The Scottish play.There is always occasion for another production of the Scottish play, and on this occasion the occasion is Long Beach Opera's season-ending staging of the U.S. professional premiere of Ernest Bloch's 1906 operatization of—let's just say it and have done—Macbeth.
Bloch's Macbeth is yet another case of Long Beach Opera championing a piece whose obscurity seems, upon actually hearing the thing, inexplicable. The composer was all of 24 when he wrote it. It is his only opera. Its premiere engagement was in Paris at the Opera Comique in 1910, and it epitomizes much of what was best in then-contemporary music two brief years before this year's Centennial Birthday Boy, Stravinsky's Sacre de Printemps, kicked in the doors of the 20th Century. Bloch's influences are Wagner and, most particularly, Debussy. Much in Macbeth is clearly Bloch's own, but he draws enthusiastically on the burly brawling Debussy of La Mer and the Nocturnes. It turns out that that Debussy, given the chance and the proper material, might have been an even better operatist than the Debussy of Pelleas. Patron of the standard repertoire who are willing to embrace the secondhand Debussismo of, say, Madama Butterfly should be equally comfortable with the more interesting sounds of Bloch and his Macbeth.
LBO has made a habit of performing in spaces that are in, on, or closely bounded by the Pacific Ocean. The company has staged operas in a swimming pool (adjacent to the ocean), in the Aquarium of the Pacific, and deep in the hull of the Queen Mary. In September, LBO will be staging Peter Lieberson's King Gesar not only in Long Beach, but on Long Beach, 'round the campfire under the stars. For Macbeth, the maritime site in question is an empty passenger terminal at Berth 92 of the Port of Los Angeles. The playing area is a long thin slot of a space, the audience on risers on either side. A heavy wooden table dominates the center, additional abandoned furniture lies at either end, draped in blood-spattered fabric. The orchestra—a full-Romantic complement of roughly 40 players, with a large, unseen and unexpected Chorus—is secreted behind a scrim at one end of the room.
Most of the action plays out around, or atop, that central table, and it is there that we meet immediately with the three Witches (Ariel Pisturino, Danielle Marcelle Bond and Nandani Sinha - stay weird, sisters!). They are a sunken-eyed, hungry, spasmodically hissing crew, and they reappear throughout the evening, unseen by the other characters, to press along the inexorable working of their prophecy/curse.
Any Macbeth must first decide how capable and decent Macbeth himself is at the start: is he a good man who goes wrong or is he simply a dupe, a catspaw to the witches, his ambitious Lady, or both? Long Beach opts for the former: As portrayed with strength and lustre by Nmon Ford, Macbeth is a leader of men, initially content with his service to and regard from his King. Suzan Hanson is Lady Macbeth who here is not some overweening shrew but, at the outset, a beloved companion and equal to her husband, lively, intelligent, sexy, cherished, respected. The Macbeths have a relationship of trust and mutual admiration, until the Thane becomes King and a celebratory canoodle turns selfishly brutal, the first symptom perhaps of his ultimately fatal overreach.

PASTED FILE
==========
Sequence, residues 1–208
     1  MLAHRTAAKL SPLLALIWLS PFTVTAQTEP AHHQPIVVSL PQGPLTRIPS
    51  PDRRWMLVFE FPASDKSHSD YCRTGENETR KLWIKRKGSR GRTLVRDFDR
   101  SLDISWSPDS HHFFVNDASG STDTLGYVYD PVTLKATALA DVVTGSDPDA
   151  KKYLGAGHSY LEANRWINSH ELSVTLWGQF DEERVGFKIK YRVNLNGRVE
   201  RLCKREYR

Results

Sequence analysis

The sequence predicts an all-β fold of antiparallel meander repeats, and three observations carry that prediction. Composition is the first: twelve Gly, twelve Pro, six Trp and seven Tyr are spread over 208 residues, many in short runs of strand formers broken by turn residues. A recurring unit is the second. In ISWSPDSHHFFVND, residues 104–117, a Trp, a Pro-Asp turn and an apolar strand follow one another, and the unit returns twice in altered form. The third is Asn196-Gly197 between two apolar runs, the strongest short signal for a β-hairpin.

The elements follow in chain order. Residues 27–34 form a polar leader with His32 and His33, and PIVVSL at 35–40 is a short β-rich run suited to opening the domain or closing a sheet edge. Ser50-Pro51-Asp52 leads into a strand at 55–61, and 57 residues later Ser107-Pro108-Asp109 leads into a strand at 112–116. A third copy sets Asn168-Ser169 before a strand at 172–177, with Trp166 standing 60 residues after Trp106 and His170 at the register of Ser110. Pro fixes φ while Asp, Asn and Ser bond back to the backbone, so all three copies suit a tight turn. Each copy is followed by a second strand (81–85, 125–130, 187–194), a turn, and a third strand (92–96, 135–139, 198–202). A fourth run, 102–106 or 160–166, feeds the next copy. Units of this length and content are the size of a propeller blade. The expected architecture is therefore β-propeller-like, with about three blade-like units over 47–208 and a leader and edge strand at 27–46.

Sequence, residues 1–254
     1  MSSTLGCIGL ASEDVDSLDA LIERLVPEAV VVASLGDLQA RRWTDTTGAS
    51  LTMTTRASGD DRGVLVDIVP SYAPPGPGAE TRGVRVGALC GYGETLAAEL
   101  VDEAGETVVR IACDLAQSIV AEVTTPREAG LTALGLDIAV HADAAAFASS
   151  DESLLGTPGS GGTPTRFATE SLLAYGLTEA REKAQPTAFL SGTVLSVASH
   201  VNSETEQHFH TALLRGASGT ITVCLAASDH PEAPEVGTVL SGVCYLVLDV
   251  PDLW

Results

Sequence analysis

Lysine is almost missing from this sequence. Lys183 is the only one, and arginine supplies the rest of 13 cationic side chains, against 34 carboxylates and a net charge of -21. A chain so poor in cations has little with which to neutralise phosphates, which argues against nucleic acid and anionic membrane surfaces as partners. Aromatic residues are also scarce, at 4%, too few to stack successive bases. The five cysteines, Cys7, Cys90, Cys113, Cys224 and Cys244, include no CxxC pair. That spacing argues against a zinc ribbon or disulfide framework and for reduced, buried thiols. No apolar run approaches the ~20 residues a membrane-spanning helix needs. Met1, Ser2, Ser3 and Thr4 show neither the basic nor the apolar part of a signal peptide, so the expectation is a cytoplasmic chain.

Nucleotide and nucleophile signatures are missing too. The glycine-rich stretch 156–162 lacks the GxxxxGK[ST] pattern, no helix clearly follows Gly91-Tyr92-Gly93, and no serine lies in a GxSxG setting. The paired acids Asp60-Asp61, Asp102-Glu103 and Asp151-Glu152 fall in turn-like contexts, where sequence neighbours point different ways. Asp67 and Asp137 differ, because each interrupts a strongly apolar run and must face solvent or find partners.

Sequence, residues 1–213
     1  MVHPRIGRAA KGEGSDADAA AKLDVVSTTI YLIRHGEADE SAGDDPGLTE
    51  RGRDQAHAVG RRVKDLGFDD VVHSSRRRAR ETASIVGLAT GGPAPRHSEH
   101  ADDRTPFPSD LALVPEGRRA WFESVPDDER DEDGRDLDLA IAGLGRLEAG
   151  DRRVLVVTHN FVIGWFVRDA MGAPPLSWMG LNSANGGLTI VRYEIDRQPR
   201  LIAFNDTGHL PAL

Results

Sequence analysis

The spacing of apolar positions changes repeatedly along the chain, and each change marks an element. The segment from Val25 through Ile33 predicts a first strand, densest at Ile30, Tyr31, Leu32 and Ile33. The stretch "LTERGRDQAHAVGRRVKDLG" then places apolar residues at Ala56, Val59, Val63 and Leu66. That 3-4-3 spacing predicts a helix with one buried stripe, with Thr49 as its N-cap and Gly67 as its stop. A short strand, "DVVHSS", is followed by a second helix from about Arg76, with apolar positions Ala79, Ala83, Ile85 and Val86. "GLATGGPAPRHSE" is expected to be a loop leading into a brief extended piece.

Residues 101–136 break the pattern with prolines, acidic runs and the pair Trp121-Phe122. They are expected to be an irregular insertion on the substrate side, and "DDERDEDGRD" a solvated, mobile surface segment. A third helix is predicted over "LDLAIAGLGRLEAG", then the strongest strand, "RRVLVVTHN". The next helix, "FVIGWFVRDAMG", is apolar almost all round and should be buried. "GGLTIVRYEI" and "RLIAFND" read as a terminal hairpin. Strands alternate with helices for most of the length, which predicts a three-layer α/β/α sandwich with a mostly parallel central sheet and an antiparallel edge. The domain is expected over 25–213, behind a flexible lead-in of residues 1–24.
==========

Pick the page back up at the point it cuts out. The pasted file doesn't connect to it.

Macbeth's error grows out of his strengths: The witches have promised that he will be king, but warned that he will not father future kings. Macbeth is able first to implement the witches' prophecy by the murder of Duncan. Power achieved, he foolishly attempts to thwart the remainder of the prophecy by the slaughter of perceived rivals such as Banquo (Doug Jones, also appearing as divers servants, etc.) and the Macduff family. Naturally, it does not end well: all Scotland rises against him, his wife runs fatally mad, and the witches return in the end to savor Macbeth's own death at the hands of Macduff (Robin Buck), all as they have foretold.
LBO artistic and general director Andreas Mitisek conceived and directed this production. The orchestra and chorus were subtly and propulsively led by Benjamin Makino, overcoming a difficult placement at the far end of an acoustically challenging room. The opera's three acts were run together without intermission, and events never flagged over the near two-hour running time.
The unanswered mystery of this Macbeth is why it is so little known. Bloch ultimately revised his original French libretto into English (the version heard here) and incorporated nearly all of the best known lines and speeches from the play, yielding an admirable adaptation that lands all of the requisite Shakespearean beats. A good Macbeth is a good evening in the theater, and this is assuredly a good Macbeth.
Two performances are still to come on June 22 and 23. The bad news is that those performances are reported as being sold out. Perhaps some helpful witches could get you in. What could possibly go wrong?
Photos by Keith Ian Polakoff, used by kind permission of Long Beach Opera.
[As ever with Long Beach Opera, the blogger attended this performance as a subscriber, at his own expense.]